There is a bit of confusion about the difference between losing one pound of body weight and losing one pound of fat. Let’s look at the math.
How Weight Is Maintained
First we have to look at how losing, gaining and maintaining body weight work.
If you followed my videos about weight loss, then you know that there are two numbers that govern your body weight, the BMR and the TDEE:
- The BMR (“Basal Metabolic Rate”) is the number of calories you burn when you do nothing, simply being alive. Some people believe that lying in bed all day doesn’t burn any energy, but even if you consciously don’t do anything, your heart still has to beat, your cells are being renewed and your hair is growing etc.
- On top of this comes the TDEE (“Total Daily Energy Expenditure”), which is the BMR plus the calories burned for things you actually do. For example, washing the car, going shopping, working out etc.
If your daily energy intake stays below your TDEE, you will lose weight, if you eat around your TDEE, your weight will remain constant, and if you eat above your TDEE, your weight will increase.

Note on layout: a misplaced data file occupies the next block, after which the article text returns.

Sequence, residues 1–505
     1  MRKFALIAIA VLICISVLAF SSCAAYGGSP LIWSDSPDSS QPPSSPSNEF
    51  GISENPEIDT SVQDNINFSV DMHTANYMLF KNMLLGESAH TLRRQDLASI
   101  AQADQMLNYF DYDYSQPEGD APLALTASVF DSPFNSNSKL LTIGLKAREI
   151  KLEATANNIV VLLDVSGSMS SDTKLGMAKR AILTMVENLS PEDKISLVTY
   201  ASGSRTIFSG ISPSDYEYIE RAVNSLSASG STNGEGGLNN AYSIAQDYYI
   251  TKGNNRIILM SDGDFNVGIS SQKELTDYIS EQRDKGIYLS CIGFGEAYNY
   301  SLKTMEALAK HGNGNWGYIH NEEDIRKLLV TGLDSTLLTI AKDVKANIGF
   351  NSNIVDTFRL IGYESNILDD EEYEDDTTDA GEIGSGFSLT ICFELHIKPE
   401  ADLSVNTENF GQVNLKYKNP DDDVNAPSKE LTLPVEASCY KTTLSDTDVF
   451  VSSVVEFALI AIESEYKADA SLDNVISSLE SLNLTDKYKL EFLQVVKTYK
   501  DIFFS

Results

If your TDEE is 2,500 kcal and you manage to eat only 2,000 per day, then over the course of seven days you lose one pound of weight. Because it takes a deficit of about 3,500 kcal to lose a pound.
Let’s now look at where the calories come from.
- 1 gram of fat contains 9 kcal
- 1 gram of carbohydrates contains 4 kcal
- 1 g of protein comes with 4 kcal as well
And that’s where people say, wait a minute! One pound is 454 g and if 1 g of fat contains 9 kcal, that would be 4086 kcal – where do those extra 586 calories come from?
Not All Is Fat
The solution is simple: when you lose one pound of body weight it isn’t pure fat, but also the body structure that supported it, which consists of water, connective tissue and protein. As water doesn’t contain any calories, it is easy to see where the difference comes from.
Picture courtesy of Steve Snodgrass.